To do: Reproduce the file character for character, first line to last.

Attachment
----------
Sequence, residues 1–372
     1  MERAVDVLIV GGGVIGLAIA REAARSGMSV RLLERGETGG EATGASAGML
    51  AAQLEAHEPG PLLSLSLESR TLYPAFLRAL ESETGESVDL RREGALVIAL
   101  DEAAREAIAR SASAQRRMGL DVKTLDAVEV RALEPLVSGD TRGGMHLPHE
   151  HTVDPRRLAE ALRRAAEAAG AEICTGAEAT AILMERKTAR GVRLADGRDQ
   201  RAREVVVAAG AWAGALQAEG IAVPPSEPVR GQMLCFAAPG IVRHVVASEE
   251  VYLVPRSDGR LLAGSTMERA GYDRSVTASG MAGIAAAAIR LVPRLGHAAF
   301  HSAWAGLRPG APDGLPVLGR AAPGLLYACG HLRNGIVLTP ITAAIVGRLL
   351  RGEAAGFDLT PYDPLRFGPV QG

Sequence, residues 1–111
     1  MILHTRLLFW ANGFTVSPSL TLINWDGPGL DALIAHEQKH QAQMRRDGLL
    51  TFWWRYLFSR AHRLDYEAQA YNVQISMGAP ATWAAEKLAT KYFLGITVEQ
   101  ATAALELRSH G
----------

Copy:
Sequence, residues 1–372
     1  MERAVDVLIV GGGVIGLAIA REAARSGMSV RLLERGETGG EATGASAGML
    51  AAQLEAHEPG PLLSLSLESR TLYPAFLRAL ESETGESVDL RREGALVIAL
   101  DEAAREAIAR SASAQRRMGL DVKTLDAVEV RALEPLVSGD TRGGMHLPHE
   151  HTVDPRRLAE ALRRAAEAAG AEICTGAEAT AILMERKTAR GVRLADGRDQ
   201  RAREVVVAAG AWAGALQAEG IAVPPSEPVR GQMLCFAAPG IVRHVVASEE
   251  VYLVPRSDGR LLAGSTMERA GYDRSVTASG MAGIAAAAIR LVPRLGHAAF
   301  HSAWAGLRPG APDGLPVLGR AAPGLLYACG HLRNGIVLTP ITAAIVGRLL
   351  RGEAAGFDLT PYDPLRFGPV QG

Sequence, residues 1–111
     1  MILHTRLLFW ANGFTVSPSL TLINWDGPGL DALIAHEQKH QAQMRRDGLL
    51  TFWWRYLFSR AHRLDYEAQA YNVQISMGAP ATWAAEKLAT KYFLGITVEQ
   101  ATAALELRSH G